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Undernourishment is widespread and has serious consequences

Undernourishment is widespread and has serious consequencesUndernourishment typically affects the elderly, those with diseases, addicts, and people with eating disorders. The condition increases the risk of serious diseases and repeated hospitalizations and is an enormous economic burden to society. Many undernourished people suffer from loss of appetite, a problem that can often be stimulated with improved diets and supplements of B vitamins.

Undernourishment is a concealed community problem that affects an increasing number of people. It is often the weak groups that fail to complain about their situation. Hospital patients and nursing home residents primarily receive treatment for their diagnosed problems, while their undernourishment flies under the radar. The healthcare system may provide these patients with a diet scheme but it is not followed up, which means that their undernourishment becomes an increasing threat to their health, simply because they don't get sufficient amounts of the essential nutrients.

What is undernourishment?

A person is considered to be undernourished if his or her BMI (Body Mass Index) is lower than 18.5, and if it appears to affect that person's health. Also, it is seen as a sign of undernourishment if a person's body weight has gone down by 5-10 percent in the course of 3-6 months, or if the person has suffered a daily energy deficit of around 30 percent.
Doctors typically look at energy, which is a measure of the calories consumed. However, it is every bit as important to look at the intake of empty calories, which are known to result in an additional lack of vitamins, minerals, and other nutrients.

The consequences of undernourishment

The symptoms are insidious and appear all of a sudden. They may lead to an array of symptoms such as fatigue, sleep disorders, impaired immune system, frequent infections, loss of muscle mass, and increased risk of dementia and osteoporosis.

Many undernourished people have impaired quality of life and are too weak to be able to manage on their own. They are enrolled in nursing homes ahead of time, they are hospitalized more frequently, it takes longer for them to rehabilitate, and they have increased mortality.

The lack of knowledge and experience among doctors and nurses when it comes to undernourishment is largely due to the fact that they receive minimal training in nutrition, but also that nutritional therapies have low priority compared with other medical treatments. Because undernourishment typically affects the older people, the problem is expected to become increasingly worse as a result of the rapidly growing number of seniors.

Loss of appetite and the overlooked problem of low stomach acid and lack of B vitamins

It is commonly known that undernourishment may be caused by chronic diseases, depression, medicine, alcoholism, drug abuse, bad teeth and reduced saliva production (mouth dryness caused by medicine), all of which can lead to reduced appetite.
An overlooked yet common factor is low stomach acid that is rather common among older people. Because low stomach acid often gives the same symptoms as too much stomach acid, this condition is normally treated with antacids, but they only make matters worse.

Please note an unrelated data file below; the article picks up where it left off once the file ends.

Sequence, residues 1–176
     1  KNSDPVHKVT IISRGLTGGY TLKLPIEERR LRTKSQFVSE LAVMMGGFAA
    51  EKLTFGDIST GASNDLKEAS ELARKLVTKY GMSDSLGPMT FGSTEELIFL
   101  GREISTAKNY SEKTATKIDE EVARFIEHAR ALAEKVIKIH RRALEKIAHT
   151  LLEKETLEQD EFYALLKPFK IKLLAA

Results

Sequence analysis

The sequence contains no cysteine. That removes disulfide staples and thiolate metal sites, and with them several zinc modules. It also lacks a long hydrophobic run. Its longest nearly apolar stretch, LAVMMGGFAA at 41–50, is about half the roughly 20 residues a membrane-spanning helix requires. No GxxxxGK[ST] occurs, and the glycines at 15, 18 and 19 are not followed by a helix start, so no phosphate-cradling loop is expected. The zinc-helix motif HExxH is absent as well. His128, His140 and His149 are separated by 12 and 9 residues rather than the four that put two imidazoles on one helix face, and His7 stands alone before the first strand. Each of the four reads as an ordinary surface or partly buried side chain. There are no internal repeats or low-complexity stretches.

Lack of stomach acid impairs the digestion, especially the digestion of protein, and may in itself cause loss of appetite and an aversion towards meat and animal protein. A consequence of low stomach acid may also be impaired uptake and utilization of calcium, iron, magnesium, vitamin B12 and vitamin B1, which are nutrients with numerous functions in the body. This may easily become a vicious cycle.

Did you know that many older and undernourished people with diagnoses such as dementia and Alzheimer's disease simply lack vitamin B12 and may need injections of the nutrient because of problems with malabsorption?

Vitamin B1 and appetite

Even minor vitamin B1 deficiencies may cause loss of appetite and persistent nausea. Common causes of vitamin B1 deficiency include unbalanced diets, overconsumption of sugar, coffee, alcohol and other stimulants plus diuretics and antacids, which are widely prescribed to the elderly and to those with reduced appetite.

More focus on treating the causes of undernourishment

Because the different B vitamins work as a team, it is best to receive vitamin B1 as part of a strong B vitamin complex, at least if the aim is to stimulate the appetite in a natural way. Bitter compounds from foods such as radishes, cabbage, rucola, and artichoke also help to stimulate the stomach acid and digestive enzymes. Furthermore, physical activity and fresh air increase the appetite.

The culinary quality, cozy surroundings and socializing also mean a lot. Because the food in hospitals and nursing homes is usually not all that appetizing, this leaves room for improvement, just like meal plans must be followed up in order to make them stick.
Patients who are unable to meet their daily requirements for calories and nutrition with normal healthy meals may benefit from nutritional drinks or tube feeding (gavage).

"Every careful observer of the sick will agree in this that thousands of patients are annually starved in the midst of plenty, from want of attention to the ways which alone make it possible for them to take food."

(Florence Nightingale, 1820-1910)


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